The following is the text of a brief homily today for Geneva’s Lower School students

“Jesus our Great High Priest” (Heb. 4)

Grammar School Chapel, Wednesday, Feb. 25, 2015

Dr. Michael S. Beates


Hebrews 4: Since then we have a great high priest who has passed through the heavens, Jesus, the Son of God, let us hold fast our confession. For we do not have a high priest who is unable to sympathize with our weaknesses, but one who in every respect has been tempted as we are, yet without sin. Let us then with confidence draw near to the throne of grace, that we may receive mercy and find grace to help in time of need.

Leviticus 16: Aaron shall offer the bull as a sin offering for himself and shall make atonement for himself and for his house. Then he shall take the two goats and set them before the Lord at the entrance of the tent of meeting. And Aaron shall cast lots over the two goats, one lot for the Lord and the other lot for the scapegoat. And Aaron shall present the goat on which the lot fell for the Lord and use it as a sin offering, but the goat on which the lot fell to be the scapegoat, it shall be presented alive before the Lord to make atonement over it, that it may be sent away as a scapegoat into the wilderness. . . . .   And when he has made an end of atoning for the Holy Place and the tent of meeting and the altar, he shall present the live goat. And Aaron shall lay both his hands on the head of the live goat, and confess over it all the iniquities of the people of Israel, and all their transgressions, all their sins. And he shall put them on the head of the goat and send it away into the wilderness by the hand of a man who is in readiness. The goat shall bear all their iniquities on itself to a remote area, and he shall let the goat go free in the wilderness.

All year long, we have been thinking in Chapel about the names and titles of God. In the OT there has been “God Almighty (El Shaddai)” and others like “The Good Shepherd” or “I AM.” As we have come to the NT, we have considered Jesus as the “Beloved Son,” “Christ.” “Lamb of God,” “the Resurrection,” and “the Vine.”

Today we think about Jesus as our “Great High Priest.” What does a priest do? Different things might come to mind. But the idea basically has been that a priest makes things right between you and God. A priest answers the questions about life and death. In ancient times, people trusted their priest with all the important questions about life and meaning and purpose. In our culture today, there are some new high priests – people we trust to keep us safe from the dangers of life: doctors and scientists. Many people think they have the answers to life and death. But do they?

In ancient Israel the high priest went in to the inner tabernacle or the Most holy place in the Temple only once a year to atone for the people – if you and I lived then, we would never think about approaching God on our own – only the priest could do that for us, and the high priest once each year. You had to trust this priest that what he was doing was right for you in order to keep you safe, to save you from death and the punishment for your sin. But notice in Leviticus 16, the teaching about Day of Atonement, the most solemn assembly for Jews each year, notice that the High Priest had to make atonement for himself first, before he could intercede for the people. Aaron and every high priest after him was sinful. But Jesus was not.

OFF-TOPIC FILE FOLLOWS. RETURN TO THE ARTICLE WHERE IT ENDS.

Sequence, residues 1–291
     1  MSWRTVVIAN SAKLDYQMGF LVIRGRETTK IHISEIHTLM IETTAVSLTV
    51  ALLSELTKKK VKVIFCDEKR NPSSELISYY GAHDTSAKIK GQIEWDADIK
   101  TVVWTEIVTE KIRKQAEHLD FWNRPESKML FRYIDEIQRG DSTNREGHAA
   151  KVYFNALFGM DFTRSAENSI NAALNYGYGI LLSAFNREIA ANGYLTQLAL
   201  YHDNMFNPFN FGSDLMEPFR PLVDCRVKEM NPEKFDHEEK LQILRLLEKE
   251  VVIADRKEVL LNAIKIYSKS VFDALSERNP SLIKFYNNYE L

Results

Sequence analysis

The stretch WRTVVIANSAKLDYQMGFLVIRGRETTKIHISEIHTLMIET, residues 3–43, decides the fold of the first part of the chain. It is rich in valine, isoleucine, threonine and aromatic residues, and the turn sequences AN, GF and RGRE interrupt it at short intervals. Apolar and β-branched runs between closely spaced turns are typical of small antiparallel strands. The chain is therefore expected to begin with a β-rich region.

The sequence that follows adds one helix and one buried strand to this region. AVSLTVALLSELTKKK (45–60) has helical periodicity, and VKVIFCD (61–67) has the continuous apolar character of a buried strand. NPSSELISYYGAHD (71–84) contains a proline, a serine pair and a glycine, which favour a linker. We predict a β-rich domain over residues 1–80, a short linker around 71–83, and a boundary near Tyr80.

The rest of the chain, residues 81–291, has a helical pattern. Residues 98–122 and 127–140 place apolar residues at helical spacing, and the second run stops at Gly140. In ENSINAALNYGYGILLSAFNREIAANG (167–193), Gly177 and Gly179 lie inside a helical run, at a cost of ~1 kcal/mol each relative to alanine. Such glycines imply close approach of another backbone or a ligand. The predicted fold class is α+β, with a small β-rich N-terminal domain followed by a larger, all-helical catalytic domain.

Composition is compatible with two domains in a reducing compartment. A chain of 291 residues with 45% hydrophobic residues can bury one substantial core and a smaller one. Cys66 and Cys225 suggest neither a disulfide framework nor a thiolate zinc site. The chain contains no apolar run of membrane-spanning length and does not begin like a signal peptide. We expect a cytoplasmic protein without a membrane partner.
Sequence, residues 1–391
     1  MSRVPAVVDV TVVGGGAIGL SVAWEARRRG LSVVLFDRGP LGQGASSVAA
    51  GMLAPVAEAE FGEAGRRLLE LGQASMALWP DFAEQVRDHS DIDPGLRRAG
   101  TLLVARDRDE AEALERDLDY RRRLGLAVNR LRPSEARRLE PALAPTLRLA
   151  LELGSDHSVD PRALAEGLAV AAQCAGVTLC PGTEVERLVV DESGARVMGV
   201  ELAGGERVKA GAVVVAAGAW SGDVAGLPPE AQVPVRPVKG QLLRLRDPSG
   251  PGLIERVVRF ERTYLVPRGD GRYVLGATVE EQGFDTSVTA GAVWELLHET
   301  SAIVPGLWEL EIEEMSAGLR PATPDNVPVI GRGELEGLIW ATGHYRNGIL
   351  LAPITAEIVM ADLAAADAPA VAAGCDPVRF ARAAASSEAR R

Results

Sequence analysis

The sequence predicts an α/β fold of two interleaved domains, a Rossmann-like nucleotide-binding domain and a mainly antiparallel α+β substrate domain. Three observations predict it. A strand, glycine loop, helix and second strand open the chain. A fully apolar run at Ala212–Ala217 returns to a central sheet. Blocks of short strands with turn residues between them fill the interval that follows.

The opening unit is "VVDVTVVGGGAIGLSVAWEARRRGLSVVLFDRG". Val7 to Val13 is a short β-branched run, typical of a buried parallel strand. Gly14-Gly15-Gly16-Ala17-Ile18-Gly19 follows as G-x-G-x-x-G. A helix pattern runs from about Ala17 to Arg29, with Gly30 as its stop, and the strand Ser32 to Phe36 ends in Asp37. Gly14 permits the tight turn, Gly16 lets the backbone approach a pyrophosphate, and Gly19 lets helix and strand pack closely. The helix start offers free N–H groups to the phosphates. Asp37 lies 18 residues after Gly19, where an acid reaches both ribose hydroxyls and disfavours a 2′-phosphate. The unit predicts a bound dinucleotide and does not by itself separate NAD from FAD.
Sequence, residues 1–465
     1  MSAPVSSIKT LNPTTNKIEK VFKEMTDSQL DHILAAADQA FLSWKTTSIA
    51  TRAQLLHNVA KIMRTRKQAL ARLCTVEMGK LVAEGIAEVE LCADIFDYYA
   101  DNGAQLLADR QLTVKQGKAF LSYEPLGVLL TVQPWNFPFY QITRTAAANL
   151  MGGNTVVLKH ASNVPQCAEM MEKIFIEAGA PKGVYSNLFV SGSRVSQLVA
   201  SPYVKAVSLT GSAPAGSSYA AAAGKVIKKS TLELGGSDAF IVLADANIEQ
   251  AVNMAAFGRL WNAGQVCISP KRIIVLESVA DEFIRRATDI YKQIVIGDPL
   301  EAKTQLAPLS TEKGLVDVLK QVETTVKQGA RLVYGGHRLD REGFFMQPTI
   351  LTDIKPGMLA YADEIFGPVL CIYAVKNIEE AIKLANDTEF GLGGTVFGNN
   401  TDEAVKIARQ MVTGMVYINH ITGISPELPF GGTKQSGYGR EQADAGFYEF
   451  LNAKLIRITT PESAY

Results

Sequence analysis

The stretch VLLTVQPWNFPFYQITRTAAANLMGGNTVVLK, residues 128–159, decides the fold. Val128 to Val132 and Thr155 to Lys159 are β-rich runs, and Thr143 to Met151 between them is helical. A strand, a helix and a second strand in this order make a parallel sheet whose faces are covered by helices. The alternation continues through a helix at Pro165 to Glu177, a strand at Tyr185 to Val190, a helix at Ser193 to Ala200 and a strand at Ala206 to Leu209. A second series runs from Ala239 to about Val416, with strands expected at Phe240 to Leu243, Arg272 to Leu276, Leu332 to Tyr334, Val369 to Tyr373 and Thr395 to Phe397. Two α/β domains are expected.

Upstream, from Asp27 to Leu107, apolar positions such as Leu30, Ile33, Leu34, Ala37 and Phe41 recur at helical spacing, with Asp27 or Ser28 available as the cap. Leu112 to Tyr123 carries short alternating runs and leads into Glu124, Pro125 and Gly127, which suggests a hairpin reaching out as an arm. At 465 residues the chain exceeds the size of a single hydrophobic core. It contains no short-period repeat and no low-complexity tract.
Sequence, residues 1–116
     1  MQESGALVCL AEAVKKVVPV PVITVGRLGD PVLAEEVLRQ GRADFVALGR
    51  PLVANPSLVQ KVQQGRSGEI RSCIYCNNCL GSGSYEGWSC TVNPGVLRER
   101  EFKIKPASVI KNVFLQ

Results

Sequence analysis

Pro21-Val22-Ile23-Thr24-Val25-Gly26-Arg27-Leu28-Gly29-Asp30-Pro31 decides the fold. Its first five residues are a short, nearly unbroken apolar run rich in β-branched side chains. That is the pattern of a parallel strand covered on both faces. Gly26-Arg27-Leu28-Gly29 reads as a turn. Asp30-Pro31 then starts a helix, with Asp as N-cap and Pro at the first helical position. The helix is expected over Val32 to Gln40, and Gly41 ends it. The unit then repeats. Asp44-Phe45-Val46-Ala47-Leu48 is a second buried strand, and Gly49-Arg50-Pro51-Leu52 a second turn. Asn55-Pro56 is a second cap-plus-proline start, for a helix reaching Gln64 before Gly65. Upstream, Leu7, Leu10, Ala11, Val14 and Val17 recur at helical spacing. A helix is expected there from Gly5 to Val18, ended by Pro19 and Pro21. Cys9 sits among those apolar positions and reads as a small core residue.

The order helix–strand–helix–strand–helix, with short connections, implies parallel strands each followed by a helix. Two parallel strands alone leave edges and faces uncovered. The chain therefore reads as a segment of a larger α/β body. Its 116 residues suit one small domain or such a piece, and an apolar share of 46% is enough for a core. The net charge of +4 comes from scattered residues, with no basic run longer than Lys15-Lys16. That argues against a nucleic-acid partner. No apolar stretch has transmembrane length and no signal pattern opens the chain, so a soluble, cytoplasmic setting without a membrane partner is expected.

Here’s the thing: The High Priest in Israel was a symbol of One to come, a sign pointing toward Jesus. He had to make sacrifice for Himself (because he was impure), then for the people by using two goats (one whose blood atoned, and one who took sin away). But Hebrews tells us Jesus, as the great and final high priest, offered Himself. He served as the priest, and as the sacrifice, and as the scapegoat! Since Jesus is pure, He needed no sacrifice for Himself. And since He had no sin, His sacrifice of Himself was sufficient – once for all. Sacrifice is needed no more. If time allowed, we could see ten reason in Hebrews 7 why Jesus is the perfect and final High Priest. But real quick :

  1. Jesus is a better hope by which we can draw near to God (v. 19)
  2. Jesus guarantees a better covenant (v. 22)
  3. Jesus lives forever (v. 24)
  4. Jesus saves completely (v. 25)
  5. Jesus always lives to intercede (v. 25)
  6. Jesus meets our needs (v. 26a)
  7. Jesus is holy, blameless, pure, set apart, exalted (v. 26b)
  8. Jesus was sacrificed once for all (v. 27)
  9. Jesus offered Himself (v. 27)
  10. Finally, number Ten, Jesus is perfect (v. 28)

We have to go back to our doctors every year for another shot, or another filling and we have to keep taking the medicine they give us day in and day out. They need to go to a doctor themselves when they get sick. But not Jesus.

He was tempted in every way like us, but without sin. He was born into humanity, experienced our existence, He knows our weaknesses. And now He sits forever next to God the Father defending us and representing us. The work of the high priest in the Temple was never done, and they never sat in God’s presence. But Jesus has finished the work, and He is seated with God as our Great High Priest.

Thanks be to God.

We n eed to trust our doctors to help us when we are sick, but Jesus is the great High Priest we need to trust with not just our bodies when they are sick but with our souls for all eternity so that we can have everlasting life.